The stock hit its previous high of $299.59 on June 7.
Google shares have more than trebled in value since the company's initial public offering in mid-August. Analysts and traders gave a variety of potential explanations for the uptick.
"There was a pretty large (consensus) among professional traders that the stock would have trouble breaching $295 to $300 level. But today's action proved them wrong," said Tim Biggam, chief options strategist at Man Securities, a Chicago-based options brokerage firm.
"I think we are seeing some short covering in both the share prices and short call positions on Google. People who had thought Google may go up but not pass $300 a share are now scrambling to buy back their short call positions," Biggam added.
Paul Foster, strategist at financial-information Web site Theflyonthewall.com, offered another view, saying the shares may have been lifted by end-of-quarter buying known as "window dressing"--when money managers buy shares to boost their portfolio.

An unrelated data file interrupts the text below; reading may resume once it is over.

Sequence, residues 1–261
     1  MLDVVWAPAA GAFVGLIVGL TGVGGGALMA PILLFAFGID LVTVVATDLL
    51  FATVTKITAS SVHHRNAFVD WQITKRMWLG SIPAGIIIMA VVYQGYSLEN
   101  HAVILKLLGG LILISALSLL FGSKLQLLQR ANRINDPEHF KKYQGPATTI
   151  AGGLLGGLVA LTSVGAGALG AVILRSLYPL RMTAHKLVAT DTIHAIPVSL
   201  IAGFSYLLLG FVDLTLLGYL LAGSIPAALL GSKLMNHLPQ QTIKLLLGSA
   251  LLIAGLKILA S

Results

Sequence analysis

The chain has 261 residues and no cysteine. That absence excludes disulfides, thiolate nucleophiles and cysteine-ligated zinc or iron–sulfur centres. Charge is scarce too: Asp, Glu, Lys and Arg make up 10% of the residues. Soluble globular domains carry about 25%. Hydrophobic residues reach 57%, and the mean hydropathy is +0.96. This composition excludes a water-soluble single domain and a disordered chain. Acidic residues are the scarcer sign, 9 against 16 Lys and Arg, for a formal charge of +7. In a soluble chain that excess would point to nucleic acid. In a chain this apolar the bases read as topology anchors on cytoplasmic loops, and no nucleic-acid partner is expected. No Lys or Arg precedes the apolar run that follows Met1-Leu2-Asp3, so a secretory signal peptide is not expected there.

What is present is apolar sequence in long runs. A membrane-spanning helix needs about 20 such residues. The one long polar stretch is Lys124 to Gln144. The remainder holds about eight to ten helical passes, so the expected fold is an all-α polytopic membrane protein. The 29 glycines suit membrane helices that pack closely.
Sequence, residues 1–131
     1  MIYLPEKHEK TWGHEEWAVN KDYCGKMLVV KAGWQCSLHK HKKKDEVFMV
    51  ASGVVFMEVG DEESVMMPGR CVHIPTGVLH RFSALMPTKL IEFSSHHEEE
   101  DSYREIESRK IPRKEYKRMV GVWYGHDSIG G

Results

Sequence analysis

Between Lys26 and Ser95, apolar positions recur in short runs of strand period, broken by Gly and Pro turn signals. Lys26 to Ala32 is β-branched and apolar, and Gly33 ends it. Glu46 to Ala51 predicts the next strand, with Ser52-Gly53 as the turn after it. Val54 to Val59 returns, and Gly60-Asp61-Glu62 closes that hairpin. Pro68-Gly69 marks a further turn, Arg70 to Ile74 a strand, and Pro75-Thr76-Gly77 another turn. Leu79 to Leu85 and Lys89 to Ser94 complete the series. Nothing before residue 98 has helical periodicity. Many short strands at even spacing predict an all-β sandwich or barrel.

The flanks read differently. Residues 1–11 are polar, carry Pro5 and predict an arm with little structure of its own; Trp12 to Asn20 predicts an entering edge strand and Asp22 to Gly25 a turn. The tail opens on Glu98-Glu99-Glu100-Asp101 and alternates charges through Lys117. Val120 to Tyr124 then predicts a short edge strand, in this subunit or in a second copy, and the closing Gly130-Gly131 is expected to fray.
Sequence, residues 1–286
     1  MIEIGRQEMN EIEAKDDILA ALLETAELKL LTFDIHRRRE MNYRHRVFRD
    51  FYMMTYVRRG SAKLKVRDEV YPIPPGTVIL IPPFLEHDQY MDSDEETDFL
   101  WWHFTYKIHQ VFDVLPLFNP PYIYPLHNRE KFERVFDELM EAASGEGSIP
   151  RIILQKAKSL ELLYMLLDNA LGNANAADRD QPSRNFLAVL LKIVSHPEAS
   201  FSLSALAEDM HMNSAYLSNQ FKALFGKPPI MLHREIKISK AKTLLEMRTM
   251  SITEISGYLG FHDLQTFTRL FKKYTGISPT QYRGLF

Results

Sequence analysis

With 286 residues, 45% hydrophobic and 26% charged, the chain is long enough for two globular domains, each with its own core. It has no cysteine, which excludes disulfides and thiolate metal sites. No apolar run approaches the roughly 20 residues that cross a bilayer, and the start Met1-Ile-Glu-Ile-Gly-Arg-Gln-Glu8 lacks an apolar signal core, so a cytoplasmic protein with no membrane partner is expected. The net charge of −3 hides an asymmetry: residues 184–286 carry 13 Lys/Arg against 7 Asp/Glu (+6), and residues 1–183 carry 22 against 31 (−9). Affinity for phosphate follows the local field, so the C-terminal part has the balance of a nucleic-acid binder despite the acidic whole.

Benjamin Schachter, Internet analyst at UBS Securities said he thinks the shares, which debuted at $85 each, have not yet topped out.
"We have a $350 target. I think this thing still has room to run. When you a have a company that blows out numbers each quarter the expectation it will continue to do well is not particularly unrealistic," he said.
Google in April posted a first-quarter profit that was, blowing by Wall Street targets.
Other high-flying Internet names, including eBay have split their stocks after big price gains, but a similar move by Google does not appear to be imminent.
"They have given zero indication. They seem to be taking a page from Warren Buffett and not doing that," Schachter said, referring to shares of Buffett's Berkshire Hathaway, which closed at $83,500 on the New York Stock Exchange on Monday.
Eric Schmidt, Google's Chief Executive, said in mid-May that the company had no plans to split its stock, which at the time was trading at around $230 per share.
Google--which recently ousted eBay as the Internet's most valuable name with a market valuation of more than $87 billion--now trades at a multiple of 48 times analysts' 2005 projected earnings per share.
eBay's comparable multiple is 46, Yahoo's is 62 and Amazon's is 56.